David Blatt never grasped that NBA coaches often serve at the pleasure of the talent on their roster. The trick is to get players to do what a coach wants, while making the players think it’s their idea.
Cleveland – I don’t feel sorry for professional sports coaches who get fired, particularly ones who have $5 million due them for doing nothing.
That’s the going-away present David Blatt will receive for his foray into coaching the Cleveland Cavaliers, who fired him last Friday despite a first-place record in the Eastern Conference.
Blatt isn’t a bad coach, but he was always the wrong coach for this team the minute LeBron James decided to come back and play in Cleveland once again.
Replacing Blatt with his former top assistant, Tyronn Lue, may not be the right move to guarantee the Cavs an NBA Championship.
But it’s not the wrong move, and it never will be.
Blatt had to go for the Cavs to have the best chance of ending Cleveland’s pro sports world championship drought that dates to 1964.
I know Blatt won about 70% of his games.
I know he had the Cavs off to a 31-11 start.
And I know he got them to the NBA Finals a year ago.
So I know the numbers say Blatt did a good job.
I also know there’s a book called, How To Lie With Statistics, and that’s what you’re doing to yourself if you think Blatt was going to get this team to recognize its potential.
I will admit Blatt’s failures aren’t primarily his fault.
They’re the fault of Cavs owner Dan Gilbert, who never should have hired Blatt 20 days before James made the decision to return in the summer of 2014.
Blatt might have shown the expertise that made him successful in Europe had he coached a young team built around Kyrie Irving, Deon Waiters, Tristan Thompson, Anthony Bennett and Andrew Wiggins.
But when LeBron came back, and the roster turned from young players in development to veterans on a title quest, Blatt needed to carefully navigate a minefield he instead stomped through with boots two sizes too big.
When he should have been humble and self-depricating, Blatt was egotistical and ultra-sensitive.
When he should have been diplomatic, he was combative.
And when he should have been tough on James and Irving, he was cowardly and deferential and lost the rest of the team.
I can give you plenty of examples, but I’ll give you just two.
Last year….Kevin Love…max player…not a max player.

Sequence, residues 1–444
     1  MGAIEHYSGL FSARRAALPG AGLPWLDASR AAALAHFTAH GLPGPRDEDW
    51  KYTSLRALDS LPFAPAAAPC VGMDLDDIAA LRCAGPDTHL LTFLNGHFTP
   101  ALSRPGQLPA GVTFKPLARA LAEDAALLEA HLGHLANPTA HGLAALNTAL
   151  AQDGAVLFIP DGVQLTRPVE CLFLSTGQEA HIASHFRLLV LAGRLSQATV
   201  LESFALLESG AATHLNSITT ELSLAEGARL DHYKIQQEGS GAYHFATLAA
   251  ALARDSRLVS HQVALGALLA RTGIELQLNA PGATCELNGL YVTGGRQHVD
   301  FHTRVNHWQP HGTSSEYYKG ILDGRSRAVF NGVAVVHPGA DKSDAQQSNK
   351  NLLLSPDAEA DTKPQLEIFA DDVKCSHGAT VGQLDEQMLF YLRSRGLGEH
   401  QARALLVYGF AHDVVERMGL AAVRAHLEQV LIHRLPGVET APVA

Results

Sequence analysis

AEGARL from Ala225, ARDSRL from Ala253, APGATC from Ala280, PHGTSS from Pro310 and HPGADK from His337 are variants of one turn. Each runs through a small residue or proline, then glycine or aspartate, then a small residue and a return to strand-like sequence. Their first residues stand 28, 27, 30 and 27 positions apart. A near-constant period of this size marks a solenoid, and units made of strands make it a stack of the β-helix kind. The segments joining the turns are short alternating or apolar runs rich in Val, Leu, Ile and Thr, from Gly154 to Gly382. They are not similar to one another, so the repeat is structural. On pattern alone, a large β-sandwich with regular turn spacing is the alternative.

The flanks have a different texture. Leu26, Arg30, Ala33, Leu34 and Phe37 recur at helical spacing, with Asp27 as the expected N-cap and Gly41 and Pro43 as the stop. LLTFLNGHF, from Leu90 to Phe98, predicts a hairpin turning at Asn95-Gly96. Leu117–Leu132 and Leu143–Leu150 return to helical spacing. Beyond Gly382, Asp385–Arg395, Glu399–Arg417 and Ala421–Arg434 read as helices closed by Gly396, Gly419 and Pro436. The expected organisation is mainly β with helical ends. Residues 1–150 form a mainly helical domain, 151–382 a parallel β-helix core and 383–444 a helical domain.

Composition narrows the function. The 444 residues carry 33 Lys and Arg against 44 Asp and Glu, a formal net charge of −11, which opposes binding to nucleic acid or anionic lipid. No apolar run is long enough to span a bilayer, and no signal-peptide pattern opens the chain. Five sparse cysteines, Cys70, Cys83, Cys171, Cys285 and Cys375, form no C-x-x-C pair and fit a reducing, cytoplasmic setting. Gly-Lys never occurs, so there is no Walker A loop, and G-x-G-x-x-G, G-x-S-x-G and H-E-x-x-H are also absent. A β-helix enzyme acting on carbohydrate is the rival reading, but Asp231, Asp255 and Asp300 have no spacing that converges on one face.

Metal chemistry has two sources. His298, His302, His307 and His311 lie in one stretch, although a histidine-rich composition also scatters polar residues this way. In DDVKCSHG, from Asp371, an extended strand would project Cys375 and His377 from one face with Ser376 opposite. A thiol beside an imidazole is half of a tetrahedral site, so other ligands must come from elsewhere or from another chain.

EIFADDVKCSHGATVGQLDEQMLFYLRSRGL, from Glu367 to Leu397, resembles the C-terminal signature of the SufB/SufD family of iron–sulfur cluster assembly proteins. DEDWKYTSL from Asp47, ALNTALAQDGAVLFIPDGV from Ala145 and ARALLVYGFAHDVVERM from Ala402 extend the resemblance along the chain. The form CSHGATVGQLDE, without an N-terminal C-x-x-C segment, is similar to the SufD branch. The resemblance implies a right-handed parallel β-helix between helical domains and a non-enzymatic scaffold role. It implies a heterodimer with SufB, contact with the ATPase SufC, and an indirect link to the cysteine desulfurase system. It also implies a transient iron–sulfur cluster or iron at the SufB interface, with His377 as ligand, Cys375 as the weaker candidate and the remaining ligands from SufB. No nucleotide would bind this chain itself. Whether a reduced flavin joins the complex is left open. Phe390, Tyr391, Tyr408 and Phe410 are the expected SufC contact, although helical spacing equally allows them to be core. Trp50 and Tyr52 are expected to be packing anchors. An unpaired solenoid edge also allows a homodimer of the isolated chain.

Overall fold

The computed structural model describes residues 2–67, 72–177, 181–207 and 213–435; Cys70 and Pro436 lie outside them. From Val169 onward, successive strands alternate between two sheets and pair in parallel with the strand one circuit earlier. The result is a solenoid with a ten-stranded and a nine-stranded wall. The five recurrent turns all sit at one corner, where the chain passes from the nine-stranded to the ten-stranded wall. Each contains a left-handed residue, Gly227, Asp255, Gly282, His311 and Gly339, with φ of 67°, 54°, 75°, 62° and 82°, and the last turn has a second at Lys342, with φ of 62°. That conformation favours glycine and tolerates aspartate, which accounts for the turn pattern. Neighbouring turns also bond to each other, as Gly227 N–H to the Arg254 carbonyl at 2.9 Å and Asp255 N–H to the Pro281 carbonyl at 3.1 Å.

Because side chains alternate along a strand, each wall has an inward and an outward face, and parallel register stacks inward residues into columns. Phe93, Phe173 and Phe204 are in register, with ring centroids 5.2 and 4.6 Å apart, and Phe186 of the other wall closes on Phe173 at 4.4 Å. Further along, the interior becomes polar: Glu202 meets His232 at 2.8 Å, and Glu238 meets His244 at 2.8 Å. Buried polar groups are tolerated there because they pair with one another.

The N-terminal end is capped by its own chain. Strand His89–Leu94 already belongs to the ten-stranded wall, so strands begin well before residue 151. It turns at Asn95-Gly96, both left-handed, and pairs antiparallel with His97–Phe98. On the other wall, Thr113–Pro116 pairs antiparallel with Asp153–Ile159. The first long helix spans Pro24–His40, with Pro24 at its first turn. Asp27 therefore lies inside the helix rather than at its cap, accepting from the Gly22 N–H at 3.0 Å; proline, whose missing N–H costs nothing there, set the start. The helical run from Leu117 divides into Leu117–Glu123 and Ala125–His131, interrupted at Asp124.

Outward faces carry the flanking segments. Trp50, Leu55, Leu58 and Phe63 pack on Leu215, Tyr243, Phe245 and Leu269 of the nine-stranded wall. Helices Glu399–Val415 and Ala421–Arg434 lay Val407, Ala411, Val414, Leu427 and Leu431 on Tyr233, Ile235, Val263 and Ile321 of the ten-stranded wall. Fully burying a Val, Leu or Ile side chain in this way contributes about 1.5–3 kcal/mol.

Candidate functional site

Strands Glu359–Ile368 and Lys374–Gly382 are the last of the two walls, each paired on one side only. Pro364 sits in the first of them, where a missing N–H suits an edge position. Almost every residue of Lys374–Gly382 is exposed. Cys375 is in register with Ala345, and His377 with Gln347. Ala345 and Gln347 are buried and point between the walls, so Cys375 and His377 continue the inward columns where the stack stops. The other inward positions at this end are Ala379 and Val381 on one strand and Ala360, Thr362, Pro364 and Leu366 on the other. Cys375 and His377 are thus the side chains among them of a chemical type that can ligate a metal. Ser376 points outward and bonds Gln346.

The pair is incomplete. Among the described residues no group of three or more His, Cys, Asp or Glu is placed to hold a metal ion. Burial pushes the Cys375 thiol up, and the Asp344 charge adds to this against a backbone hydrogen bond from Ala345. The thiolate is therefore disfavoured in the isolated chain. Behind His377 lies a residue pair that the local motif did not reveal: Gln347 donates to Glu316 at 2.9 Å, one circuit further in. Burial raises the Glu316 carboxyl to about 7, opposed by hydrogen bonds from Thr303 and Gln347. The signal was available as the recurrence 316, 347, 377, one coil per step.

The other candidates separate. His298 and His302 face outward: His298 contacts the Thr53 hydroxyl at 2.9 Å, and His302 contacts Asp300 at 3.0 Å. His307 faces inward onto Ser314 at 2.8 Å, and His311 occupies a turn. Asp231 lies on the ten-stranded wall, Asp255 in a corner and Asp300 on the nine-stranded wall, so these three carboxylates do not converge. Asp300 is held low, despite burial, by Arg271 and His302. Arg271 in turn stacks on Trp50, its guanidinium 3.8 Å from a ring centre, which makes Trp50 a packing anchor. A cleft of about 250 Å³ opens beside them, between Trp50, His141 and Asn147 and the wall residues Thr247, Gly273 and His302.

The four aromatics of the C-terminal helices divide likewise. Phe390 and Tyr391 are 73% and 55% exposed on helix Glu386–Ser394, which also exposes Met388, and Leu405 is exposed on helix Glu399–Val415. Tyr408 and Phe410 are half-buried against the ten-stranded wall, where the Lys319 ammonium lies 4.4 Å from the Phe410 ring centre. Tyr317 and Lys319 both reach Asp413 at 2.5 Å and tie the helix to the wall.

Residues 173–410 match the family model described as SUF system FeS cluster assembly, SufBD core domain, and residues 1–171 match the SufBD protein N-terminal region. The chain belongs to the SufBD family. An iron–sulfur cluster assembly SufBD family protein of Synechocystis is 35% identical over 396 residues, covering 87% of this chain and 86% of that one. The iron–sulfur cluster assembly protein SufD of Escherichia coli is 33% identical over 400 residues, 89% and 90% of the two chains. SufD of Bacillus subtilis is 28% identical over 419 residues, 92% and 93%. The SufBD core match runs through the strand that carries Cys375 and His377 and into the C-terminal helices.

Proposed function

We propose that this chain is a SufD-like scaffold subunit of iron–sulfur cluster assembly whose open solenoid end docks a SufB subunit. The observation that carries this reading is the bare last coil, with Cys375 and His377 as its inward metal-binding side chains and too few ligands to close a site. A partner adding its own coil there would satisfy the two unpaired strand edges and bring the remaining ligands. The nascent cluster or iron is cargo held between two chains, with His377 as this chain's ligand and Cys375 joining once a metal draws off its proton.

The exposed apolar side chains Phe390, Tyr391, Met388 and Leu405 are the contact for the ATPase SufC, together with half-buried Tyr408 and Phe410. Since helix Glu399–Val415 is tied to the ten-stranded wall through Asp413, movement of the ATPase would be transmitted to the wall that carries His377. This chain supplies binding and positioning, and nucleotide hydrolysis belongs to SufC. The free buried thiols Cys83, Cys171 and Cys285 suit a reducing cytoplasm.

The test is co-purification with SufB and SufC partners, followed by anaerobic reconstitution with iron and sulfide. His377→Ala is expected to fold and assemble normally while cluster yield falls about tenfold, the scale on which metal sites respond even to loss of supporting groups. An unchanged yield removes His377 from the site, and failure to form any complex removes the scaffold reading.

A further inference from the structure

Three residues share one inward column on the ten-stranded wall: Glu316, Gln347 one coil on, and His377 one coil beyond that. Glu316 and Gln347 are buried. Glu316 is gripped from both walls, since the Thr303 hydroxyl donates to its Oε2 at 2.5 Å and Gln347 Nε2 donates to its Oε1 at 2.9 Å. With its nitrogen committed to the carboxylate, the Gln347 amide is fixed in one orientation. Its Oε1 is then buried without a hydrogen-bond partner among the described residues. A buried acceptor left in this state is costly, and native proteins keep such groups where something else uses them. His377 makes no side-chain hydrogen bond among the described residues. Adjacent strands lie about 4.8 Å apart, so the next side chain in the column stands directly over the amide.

This year…Tristan Thompson….360 games….wait until 360.
Blatt always picked the wrong hills to defend and the wrong ones to surrender.
He bristled last year when a reporter asked him about underutilizing, “a max player like Kevin Love.”
“Kevin is not a max player,” Blatt snapped.
Technically, Blatt was correct, in that Love wasn’t being paid maximum money for his experience.
But, “max player,” is as much a description of an NBA player’s worth as it is of their actual salary.
Blatt, because he didn’t like the insinuation he wasn’t getting the most from his talent, insulted Love rather than own his own failure.
That’s just one example of how tone deaf Blatt was to what NBA players value.
He never grasped that NBA coaches often serve at the pleasure of the talent on their roster. The trick is to get players to do what a coach wants, while making the players think it’s their idea.
Blatt never got that, and so he is gone.
Of course, the blame has since fallen on James, who supposedly orchestrated the whole thing from his perch atop the Cavaliers’ organization.
It’s funny, Peyton Manning is headed for his fourth Super Bowl under his fourth different coach, but no one calls him a coach-killer.
James, who’s had two coaches fired in season during his career, instead is routinely branded with that label.
Both team’s Manning has played for have ordered every personnel decision around giving him a supporting cast to maximize his potential.
When the Cavaliers do the same for James, it’s somehow a negative, indicative that he’s running the franchise into the ground.
Is James blameless in all the ancillary drama around the Cavaliers?
Of course, not.
Had he gone all-in with Blatt early last season, the rest of the Cavaliers would likely have followed.
But complaining about James’ sense of entitlement now is to try jamming the genie back into the medicine dropper.
I know exactly what LeBron James is.
But I also remember when winning 33 games was the high-water mark for the Cavs during James four seasons in Miami.
I’ll happily carry all of his baggage to an upper-floor penthouse before I’d go back to slumming it with the NBA’s homeless out of the playoffs entirely.
Bruce Hooley is a former Troy Daily News sports editor and the host of #Hooley at 8 p.m. Monday on on Time Warner Cable Sports Channel (311/1311 HD).